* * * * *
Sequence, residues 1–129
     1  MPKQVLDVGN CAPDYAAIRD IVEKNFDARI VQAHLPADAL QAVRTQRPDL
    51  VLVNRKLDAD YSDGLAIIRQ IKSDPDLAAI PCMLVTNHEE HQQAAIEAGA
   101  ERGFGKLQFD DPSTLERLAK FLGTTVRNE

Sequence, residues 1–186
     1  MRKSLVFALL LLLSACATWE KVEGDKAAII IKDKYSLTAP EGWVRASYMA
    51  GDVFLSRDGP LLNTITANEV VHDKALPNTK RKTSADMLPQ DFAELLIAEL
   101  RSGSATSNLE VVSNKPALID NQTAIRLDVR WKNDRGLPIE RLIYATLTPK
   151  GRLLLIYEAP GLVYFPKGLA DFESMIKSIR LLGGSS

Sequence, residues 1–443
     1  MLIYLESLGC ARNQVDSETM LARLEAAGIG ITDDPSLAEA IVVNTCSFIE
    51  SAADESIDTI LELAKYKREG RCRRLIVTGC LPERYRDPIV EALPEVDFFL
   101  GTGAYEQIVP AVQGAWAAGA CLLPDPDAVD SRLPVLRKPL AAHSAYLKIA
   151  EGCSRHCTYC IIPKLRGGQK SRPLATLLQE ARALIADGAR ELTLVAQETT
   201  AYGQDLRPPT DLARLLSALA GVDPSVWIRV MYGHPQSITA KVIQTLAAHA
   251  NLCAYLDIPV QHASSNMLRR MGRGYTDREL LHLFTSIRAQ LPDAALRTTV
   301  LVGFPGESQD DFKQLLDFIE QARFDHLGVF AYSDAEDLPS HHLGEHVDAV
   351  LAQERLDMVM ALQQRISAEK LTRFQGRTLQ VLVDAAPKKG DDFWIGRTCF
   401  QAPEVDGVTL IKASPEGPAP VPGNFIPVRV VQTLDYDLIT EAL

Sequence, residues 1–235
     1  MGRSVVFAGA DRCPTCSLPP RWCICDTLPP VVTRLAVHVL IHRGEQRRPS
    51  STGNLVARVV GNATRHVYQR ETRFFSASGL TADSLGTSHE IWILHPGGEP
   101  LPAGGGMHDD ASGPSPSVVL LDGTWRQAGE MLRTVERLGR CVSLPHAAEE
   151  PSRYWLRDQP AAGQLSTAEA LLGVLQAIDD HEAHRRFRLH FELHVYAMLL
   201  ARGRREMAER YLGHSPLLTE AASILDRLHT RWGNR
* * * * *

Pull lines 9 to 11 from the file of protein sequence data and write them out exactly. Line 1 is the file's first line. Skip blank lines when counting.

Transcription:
   151  GRLLLIYEAP GLVYFPKGLA DFESMIKSIR LLGGSS

Sequence, residues 1–443
     1  MLIYLESLGC ARNQVDSETM LARLEAAGIG ITDDPSLAEA IVVNTCSFIE